New global chocolate firm carved out of Callebaut plant sale

By Oliver Nieburg

- Last updated on GMT

Chocolaterie de Bourgogne are looking to take on confectionery manufacturers in major global markets
Chocolaterie de Bourgogne are looking to take on confectionery manufacturers in major global markets

Related tags Barry callebaut Marketing

A new player has entered the global chocolate market after Barry Callebaut sells its final consumer goods factory, based in France.

Five industry managers have come together to purchase Callebaut’s plant in Dijon, France and have formed a new chocolate firm: Chocolaterie de Bourgogne.

The divestment allows Callebaut to avoid competition with its customers and focus only on business-to-business sales. A new separate entity will now compete in the consumer goods space.

Chocolaterie de Bourgogne

Chocolaterie de Bourgogne will be owned and managed by Philippe de Jarcy, currently the CEO of German confectioner Hahne. He previously worked in a managerial capacity at Barry Callebaut.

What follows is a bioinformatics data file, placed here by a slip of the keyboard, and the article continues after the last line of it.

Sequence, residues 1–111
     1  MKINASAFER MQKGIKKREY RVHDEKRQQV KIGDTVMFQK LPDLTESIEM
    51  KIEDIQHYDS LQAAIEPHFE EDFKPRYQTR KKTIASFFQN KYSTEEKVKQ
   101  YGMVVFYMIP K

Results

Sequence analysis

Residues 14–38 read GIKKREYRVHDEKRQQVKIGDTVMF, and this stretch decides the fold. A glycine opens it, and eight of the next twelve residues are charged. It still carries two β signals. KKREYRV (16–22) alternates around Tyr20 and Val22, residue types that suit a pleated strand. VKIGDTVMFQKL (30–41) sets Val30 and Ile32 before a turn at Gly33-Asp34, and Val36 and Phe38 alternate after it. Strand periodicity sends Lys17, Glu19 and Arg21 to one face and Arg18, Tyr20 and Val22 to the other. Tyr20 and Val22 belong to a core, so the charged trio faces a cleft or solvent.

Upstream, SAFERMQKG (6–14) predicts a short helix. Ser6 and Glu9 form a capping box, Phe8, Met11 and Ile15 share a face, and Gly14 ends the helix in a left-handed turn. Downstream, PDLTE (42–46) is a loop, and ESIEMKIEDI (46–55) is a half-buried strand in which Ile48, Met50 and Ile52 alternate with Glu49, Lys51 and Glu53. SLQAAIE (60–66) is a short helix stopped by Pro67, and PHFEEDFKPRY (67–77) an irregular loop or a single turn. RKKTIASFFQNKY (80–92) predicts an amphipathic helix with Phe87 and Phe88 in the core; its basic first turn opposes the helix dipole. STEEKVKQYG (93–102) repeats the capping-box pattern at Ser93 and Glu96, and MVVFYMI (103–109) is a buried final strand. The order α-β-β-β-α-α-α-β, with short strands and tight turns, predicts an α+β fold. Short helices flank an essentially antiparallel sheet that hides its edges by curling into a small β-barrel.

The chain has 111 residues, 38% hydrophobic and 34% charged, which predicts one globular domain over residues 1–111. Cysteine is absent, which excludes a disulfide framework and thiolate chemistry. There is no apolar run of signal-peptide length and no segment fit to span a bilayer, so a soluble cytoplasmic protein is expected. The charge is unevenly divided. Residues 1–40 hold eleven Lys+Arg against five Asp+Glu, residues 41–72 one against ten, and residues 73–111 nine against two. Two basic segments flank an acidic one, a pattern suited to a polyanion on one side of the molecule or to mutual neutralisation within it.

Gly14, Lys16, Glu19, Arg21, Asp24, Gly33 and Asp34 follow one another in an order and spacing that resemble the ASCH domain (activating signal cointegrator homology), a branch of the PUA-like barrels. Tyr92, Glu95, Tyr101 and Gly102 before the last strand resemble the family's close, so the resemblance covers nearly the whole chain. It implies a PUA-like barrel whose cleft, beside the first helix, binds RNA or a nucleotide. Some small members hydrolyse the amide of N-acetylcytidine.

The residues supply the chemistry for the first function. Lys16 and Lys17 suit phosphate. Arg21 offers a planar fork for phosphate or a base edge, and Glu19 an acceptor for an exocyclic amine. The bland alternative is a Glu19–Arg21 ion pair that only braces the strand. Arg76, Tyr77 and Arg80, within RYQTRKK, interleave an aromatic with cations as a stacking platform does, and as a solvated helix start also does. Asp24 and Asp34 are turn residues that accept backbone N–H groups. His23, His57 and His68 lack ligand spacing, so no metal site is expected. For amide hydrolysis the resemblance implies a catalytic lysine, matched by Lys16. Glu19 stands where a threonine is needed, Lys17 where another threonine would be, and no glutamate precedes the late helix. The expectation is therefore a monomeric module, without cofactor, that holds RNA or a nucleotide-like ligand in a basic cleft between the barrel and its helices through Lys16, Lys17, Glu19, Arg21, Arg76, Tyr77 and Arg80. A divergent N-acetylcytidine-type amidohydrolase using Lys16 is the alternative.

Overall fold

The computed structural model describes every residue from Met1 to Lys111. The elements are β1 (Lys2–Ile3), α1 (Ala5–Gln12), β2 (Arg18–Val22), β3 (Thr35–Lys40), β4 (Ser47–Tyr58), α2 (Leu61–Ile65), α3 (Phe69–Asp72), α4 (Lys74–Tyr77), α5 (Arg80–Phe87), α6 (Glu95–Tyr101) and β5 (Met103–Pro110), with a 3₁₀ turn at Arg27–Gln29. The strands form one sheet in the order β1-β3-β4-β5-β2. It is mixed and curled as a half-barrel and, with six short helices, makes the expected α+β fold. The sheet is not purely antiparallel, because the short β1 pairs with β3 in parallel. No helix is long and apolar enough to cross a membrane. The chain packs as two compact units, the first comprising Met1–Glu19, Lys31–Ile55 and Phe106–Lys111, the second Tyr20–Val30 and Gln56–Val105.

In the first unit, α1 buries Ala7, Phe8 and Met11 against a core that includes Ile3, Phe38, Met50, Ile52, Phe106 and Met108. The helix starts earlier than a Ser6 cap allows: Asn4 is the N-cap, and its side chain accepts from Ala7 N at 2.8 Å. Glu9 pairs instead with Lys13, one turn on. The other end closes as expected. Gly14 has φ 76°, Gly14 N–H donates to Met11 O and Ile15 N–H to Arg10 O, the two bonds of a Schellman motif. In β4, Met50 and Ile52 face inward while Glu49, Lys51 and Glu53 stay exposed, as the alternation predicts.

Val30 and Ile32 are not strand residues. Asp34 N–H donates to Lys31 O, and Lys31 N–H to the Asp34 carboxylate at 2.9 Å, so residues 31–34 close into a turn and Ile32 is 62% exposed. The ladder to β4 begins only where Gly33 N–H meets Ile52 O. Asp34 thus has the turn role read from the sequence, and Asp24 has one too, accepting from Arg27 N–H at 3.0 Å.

The new company will start with €80 million ($104m) in revenues and will take on all 278 staff at the Dijon site.

The owners plan to increase turnover by 50% in the next four years to €120 million ($156m) by selling consumer chocolate products in Europe and North America as well as emerging markets such as South America, Russia, China and India.

The Dijon plant deal also includes 5-year contract to supply Barry Callebaut with 12,000 tonnes of liquid chocolate annually.

The founders

US citizen James Forman, former Symrise CEO, becomes chairman of the Chocolaterie de Bourgogne’s Supervisory Board.

Forman was previously CEO of Barry Callebaut owned company Stollwerck before it was sold to Baroni and he also worked as president of consumer products at Barry Callebaut.

A Russian is also understood to be among the five founders, which could help the firm penetrate that market.

Barry Callebaut: B2B focus

Barry Callebaut took a strategic decision to divest all of its consumer activities and fully focus on B2B.

“We did this mainly for two reasons: You need a different expertise in the B2C area than when serving the B2B market. Also, we did not want to go into direct competition with our customers on the retail shelves,”​ Barry Callebaut’s external communications manager Raphael Wermuth told this site.

The Dijon factory was the last remaining part of Barry Callebaut’s consumer product operations after it sold Stollwerck to the Belgian Baronie Group in 2011.

Barry Callebaut expects a one-time loss of around €54 million ($70 m) for fiscal 2012, for the latest divestment.

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